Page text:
How Did Debrett’s Come By The Information Listed in “The New Peerage”?

I had an author friend send me an email question recently. She wanted to know if a man (her hero) had been married for some time, how well known would the marriage be to others in Society? Could he go about without anyone knowing? (Definitely a interesting plot point)

Today, Debrett’s is a professional coaching (meaning instructional) company, publisher, and authority on etiquette and behaviour. It was founded in 1769 with the publication of the first edition of The New Peerage. The company takes its name from its founder, John Debrett. 

John Debrett (8 January 1753 – 15 November 1822) was the London-born son of Jean Louys de Bret, a French cook of Huguenot extraction and his wife Rachel Panchaud. As a boy of thirteen, John Debrett was apprenticed to a Piccadilly bookseller and publisher, Robert Davis. He remained there until 1780, when he moved across Piccadilly to work for John Almon, bookseller and stationer. John Almon edited and published his first edition of The New Peerage in 1769 and went on to produce at least three further editions. By 1790, he had passed the editorship on to John Debrett who, in 1802, put his name to the two small volumes that made up The Correct Peerage of England, Scotland and Ireland. Despite twice being declared bankrupt, Debrett continued as a bookseller and editor of the Peerage; the last edition edited by him was the 15th edition, which was published in 1823. He was found dead at his lodgings on 15 November 1822, and was buried at St James’s Church, Piccadilly. [Debrett’s]

Now, back to the question at hand: During the early 1800’s, did Debrett’s list marriages?  Would others know of a person’s marriage, even if he does not mention it?

Debrett gathered the published information for his volumes from the deaths, births, and marriage columns in the newspaper and from  announcements sent to it; therefore, if no one reported the marriage, the information would not automatically be included. The 1802 Debrett’s did not, for example, know that Lord Byron had died in 1798. Upon his death, the barony passed to Byron’s cousin George Anson Byron, a career naval officer. The poet we know as Lord Byron, George Gordon Noel, sixth Baron Byron, was born on 22 January 1788 in London. His father died when he was three, with the result that he inherited his title from his great uncle in 1798. (BBC History)

The second part of my friend’s question dealt with how to address the hero, as he also had a military commission. 

The answer is rather simple: The hero could be addressed by whichever designation he prefers:  Captain Lord So-and-so or just Lord So-and-so.

From Debrett’s 1816 we find …  

If an officer has a title, or a courtesy title or style, he is addressed in the opening of a letter and in speech in exactly the same way as any other title-holder. It should be noted, however, that some titled officers prefer to be addressed by their Service rank.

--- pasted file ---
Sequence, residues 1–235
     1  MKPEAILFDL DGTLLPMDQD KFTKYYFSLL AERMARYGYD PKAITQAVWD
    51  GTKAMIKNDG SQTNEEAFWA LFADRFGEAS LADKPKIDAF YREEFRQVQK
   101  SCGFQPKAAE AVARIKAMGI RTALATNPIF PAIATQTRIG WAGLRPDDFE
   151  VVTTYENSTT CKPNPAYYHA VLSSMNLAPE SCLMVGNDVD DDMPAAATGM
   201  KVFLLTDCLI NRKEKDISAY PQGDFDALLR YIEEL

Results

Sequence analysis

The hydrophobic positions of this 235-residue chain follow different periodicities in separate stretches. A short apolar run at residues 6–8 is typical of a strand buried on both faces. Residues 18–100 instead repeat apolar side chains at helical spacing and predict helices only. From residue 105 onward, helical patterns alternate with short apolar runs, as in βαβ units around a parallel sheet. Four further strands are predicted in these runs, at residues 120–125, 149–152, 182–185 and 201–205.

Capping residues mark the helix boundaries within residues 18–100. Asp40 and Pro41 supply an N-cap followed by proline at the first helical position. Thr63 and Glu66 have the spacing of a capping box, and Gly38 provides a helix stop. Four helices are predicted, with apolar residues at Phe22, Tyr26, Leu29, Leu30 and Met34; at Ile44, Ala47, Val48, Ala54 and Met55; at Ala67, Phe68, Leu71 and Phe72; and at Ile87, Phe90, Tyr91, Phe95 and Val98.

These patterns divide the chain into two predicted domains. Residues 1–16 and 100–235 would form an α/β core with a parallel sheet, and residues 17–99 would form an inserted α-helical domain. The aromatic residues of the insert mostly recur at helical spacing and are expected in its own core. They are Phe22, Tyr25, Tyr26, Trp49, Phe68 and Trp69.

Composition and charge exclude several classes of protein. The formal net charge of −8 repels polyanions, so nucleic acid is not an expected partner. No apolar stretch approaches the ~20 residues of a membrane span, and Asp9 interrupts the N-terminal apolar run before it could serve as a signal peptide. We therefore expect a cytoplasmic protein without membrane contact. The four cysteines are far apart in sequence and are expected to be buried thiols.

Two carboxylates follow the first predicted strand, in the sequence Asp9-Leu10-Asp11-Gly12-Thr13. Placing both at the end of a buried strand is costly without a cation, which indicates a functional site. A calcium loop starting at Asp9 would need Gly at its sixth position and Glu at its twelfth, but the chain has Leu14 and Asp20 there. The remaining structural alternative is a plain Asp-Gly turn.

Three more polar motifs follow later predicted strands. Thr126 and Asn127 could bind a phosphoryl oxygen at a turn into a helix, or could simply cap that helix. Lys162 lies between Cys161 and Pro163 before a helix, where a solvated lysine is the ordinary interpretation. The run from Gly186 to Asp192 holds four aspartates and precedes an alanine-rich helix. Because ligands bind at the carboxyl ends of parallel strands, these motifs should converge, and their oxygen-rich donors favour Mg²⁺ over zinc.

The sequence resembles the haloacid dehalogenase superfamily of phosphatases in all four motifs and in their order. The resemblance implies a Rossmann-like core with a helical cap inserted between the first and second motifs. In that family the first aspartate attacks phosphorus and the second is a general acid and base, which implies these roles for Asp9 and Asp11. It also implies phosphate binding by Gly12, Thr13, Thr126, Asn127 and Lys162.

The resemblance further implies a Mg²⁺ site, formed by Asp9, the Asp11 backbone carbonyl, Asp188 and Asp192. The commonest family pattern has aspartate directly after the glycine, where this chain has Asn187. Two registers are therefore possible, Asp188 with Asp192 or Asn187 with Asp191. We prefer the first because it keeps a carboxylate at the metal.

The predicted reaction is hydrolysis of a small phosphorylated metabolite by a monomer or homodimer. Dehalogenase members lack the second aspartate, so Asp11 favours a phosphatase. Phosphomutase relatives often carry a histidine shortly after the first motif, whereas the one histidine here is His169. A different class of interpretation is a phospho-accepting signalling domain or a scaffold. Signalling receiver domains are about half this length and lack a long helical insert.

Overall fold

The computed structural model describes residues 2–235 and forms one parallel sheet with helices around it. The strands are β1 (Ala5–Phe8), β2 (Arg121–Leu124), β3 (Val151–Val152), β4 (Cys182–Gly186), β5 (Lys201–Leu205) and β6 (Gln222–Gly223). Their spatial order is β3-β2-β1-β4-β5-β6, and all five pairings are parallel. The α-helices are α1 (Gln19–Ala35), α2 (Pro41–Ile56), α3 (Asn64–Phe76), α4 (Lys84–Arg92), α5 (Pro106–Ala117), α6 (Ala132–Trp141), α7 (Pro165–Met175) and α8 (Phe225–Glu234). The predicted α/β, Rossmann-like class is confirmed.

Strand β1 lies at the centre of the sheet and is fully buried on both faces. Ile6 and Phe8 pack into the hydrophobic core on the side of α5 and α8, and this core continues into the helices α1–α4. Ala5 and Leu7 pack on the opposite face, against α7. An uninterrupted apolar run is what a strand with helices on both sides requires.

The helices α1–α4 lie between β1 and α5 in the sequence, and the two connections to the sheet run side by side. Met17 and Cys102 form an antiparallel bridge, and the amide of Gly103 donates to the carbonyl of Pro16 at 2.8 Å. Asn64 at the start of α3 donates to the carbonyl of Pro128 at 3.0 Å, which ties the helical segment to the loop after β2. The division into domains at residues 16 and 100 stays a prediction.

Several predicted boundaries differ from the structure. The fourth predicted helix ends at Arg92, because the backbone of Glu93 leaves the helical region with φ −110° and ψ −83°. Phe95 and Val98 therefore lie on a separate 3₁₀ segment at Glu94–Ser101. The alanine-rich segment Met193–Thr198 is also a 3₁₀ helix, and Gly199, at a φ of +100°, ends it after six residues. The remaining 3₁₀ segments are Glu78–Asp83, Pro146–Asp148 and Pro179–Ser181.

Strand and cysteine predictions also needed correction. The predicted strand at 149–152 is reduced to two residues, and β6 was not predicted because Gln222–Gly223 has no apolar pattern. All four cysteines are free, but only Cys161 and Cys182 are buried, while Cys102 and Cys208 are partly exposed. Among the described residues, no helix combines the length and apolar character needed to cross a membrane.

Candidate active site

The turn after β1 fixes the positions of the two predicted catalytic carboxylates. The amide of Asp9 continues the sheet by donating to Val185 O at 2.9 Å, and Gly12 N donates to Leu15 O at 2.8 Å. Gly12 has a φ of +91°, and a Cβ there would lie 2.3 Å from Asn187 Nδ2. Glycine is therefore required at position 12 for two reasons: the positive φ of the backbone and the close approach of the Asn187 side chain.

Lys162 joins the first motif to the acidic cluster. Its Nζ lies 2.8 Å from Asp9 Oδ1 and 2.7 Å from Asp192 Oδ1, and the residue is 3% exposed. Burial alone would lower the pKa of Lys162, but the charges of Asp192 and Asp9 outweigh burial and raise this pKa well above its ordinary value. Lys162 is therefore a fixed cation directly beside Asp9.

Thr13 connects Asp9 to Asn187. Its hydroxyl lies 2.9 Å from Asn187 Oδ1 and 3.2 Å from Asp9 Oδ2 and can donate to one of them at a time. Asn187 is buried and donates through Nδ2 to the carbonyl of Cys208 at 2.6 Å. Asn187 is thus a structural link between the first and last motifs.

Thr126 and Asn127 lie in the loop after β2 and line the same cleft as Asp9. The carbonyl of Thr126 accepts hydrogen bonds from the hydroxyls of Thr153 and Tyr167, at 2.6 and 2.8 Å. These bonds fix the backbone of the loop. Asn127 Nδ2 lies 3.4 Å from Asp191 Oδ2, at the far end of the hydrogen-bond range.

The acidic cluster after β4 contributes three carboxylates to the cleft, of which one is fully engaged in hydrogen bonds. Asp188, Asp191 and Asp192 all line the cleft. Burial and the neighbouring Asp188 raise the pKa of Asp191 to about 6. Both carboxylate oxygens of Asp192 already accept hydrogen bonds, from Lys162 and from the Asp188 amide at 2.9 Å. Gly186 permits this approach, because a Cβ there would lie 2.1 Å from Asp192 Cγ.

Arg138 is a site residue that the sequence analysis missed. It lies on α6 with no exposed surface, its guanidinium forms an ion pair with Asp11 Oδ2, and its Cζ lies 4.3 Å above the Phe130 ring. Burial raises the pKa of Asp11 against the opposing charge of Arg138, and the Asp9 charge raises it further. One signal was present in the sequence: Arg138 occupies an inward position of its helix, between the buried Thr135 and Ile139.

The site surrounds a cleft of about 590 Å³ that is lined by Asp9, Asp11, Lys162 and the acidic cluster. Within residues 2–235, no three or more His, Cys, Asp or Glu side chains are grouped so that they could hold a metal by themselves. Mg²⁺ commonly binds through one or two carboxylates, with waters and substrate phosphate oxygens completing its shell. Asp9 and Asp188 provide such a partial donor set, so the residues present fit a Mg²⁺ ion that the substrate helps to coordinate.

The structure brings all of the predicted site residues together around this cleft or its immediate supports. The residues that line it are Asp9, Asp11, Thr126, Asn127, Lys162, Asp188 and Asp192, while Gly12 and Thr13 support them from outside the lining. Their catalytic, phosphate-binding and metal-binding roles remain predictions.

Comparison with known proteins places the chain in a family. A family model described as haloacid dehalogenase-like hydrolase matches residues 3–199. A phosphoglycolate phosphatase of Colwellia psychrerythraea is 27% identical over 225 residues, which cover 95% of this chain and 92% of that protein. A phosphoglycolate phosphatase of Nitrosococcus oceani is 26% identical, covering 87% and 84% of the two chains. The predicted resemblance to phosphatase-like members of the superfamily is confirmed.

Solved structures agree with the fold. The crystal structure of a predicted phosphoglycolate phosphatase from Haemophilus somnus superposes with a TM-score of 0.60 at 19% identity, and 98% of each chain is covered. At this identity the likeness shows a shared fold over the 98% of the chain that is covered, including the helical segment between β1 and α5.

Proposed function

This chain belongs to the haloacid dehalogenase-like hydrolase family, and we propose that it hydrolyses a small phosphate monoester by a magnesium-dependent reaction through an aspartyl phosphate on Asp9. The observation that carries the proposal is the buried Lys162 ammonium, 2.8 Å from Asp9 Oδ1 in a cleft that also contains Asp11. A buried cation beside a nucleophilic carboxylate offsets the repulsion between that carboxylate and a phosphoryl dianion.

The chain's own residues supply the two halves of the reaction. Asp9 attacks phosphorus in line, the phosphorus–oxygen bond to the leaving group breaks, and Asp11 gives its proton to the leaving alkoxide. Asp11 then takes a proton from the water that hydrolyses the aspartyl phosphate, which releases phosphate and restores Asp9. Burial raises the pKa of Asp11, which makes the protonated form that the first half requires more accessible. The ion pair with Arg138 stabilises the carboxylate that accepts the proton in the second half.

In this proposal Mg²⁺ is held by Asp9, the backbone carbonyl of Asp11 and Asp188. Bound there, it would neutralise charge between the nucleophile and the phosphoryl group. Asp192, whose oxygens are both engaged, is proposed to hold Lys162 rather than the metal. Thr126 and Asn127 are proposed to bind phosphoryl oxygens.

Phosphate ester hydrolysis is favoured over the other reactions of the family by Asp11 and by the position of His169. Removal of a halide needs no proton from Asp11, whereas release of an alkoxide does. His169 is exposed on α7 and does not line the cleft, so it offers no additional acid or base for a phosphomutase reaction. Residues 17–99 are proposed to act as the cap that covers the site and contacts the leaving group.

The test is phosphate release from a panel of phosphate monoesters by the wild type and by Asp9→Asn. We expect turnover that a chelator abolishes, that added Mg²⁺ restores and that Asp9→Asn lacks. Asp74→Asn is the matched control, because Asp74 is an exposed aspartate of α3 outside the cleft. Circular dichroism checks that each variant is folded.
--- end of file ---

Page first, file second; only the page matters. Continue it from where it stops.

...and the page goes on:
If Admiral Sir Guy Jones expresses his preference to be addressed ‘Dear Admiral Jones’ instead of ‘Dear Sir Guy’, this should, of course, be observed.

On an envelope the service rank appears before the title, except in the case of ‘His Excellency’.

The one aspect of Debrett’s that has to be taken into account (in the historical sense as far as authoring historical novels goes), is that Debrett’s has updated its etiquette in relation to modern day rules of engagement. Take mediaeval and early post mediaeval forms of address – verbal and written – and one can see a differing theme in respect of titles. After all, a prince was referred to as “his grace,” so, too, monarchs who were also referred to as Sire/Majesty, et al.  Slowly changes came about as mediaeval squires (servants) seemingly vanished somewhere along the way and county squires (landowners) who had their own servants are the only reference to squires. What a turn-around in social standing that is?

Prior, during, and post the English Civil Wars and stretching to the Georgian era, names came before title, and in many aristocratic circles remained, thus, until the reign of William IV & the Victorian era, i.e. Charles Standish, Duke of Wherever. Letters were  addressed to the duke by fellow aristocrats as “Charles Balderdash, The Duke of Wherever.” Whilst lesser persons in society (knowing their place) would address a letter to “The Duke of Wherever,” and head the letter with “Dear Duke.” On the other hand, in private letters between aristocrats, one may address the duke as “Dear Balderdash,” and if close or related another may use, “Dear Charles,” or plain “Charles.”

By the Georgian era Squires (county gentlemen) had become magistrates wielding lesser judicial power than county court circuit judges, but nonetheless, these squire magistrates were greatly feared by poachers and livestock rustlers. I do not think I need to enlighten my readers as to why that was so, except local knowledge added greatly to a squire’s intelligence networking. What other interesting aspects of Historical Britain post English Civil Wars strikes a note with you?


About Regina Jeffers

Regina Jeffers is the award-winning author of Austenesque, Regency and historical romantic suspense.
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